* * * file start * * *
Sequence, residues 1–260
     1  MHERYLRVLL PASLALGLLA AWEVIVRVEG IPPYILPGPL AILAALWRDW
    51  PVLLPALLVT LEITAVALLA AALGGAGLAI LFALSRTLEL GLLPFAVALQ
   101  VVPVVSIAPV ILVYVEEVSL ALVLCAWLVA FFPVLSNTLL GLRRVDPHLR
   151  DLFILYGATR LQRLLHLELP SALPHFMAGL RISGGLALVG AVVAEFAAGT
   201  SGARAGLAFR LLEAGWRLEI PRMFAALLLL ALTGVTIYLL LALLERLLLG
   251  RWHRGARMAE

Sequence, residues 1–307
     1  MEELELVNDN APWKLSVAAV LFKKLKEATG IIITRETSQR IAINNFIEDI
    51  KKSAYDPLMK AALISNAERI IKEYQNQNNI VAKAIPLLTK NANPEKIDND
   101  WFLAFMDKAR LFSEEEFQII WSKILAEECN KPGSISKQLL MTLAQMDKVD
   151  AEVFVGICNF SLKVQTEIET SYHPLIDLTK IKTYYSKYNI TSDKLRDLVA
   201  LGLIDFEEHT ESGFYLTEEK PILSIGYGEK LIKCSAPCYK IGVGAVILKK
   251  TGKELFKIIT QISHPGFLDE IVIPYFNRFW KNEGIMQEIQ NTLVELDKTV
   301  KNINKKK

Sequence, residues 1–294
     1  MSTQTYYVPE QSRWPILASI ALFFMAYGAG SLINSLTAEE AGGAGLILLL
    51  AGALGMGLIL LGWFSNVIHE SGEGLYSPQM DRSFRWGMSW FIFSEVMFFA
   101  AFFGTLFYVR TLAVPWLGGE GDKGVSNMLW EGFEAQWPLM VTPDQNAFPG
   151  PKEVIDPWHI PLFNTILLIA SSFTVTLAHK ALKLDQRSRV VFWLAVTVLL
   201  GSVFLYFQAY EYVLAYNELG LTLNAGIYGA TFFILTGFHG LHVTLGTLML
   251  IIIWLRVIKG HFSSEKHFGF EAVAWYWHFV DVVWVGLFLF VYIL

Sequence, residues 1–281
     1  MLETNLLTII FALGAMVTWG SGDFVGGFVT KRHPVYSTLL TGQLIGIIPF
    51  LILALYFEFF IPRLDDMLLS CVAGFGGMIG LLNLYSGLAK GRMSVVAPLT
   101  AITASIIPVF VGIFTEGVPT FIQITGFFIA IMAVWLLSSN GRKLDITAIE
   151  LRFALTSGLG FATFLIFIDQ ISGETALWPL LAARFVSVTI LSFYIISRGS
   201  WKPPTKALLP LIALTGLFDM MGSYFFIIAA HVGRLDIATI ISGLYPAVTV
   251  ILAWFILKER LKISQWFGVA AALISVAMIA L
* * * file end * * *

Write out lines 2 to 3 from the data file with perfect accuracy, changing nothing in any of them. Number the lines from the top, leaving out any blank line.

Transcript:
     1  MHERYLRVLL PASLALGLLA AWEVIVRVEG IPPYILPGPL AILAALWRDW
    51  PVLLPALLVT LEITAVALLA AALGGAGLAI LFALSRTLEL GLLPFAVALQ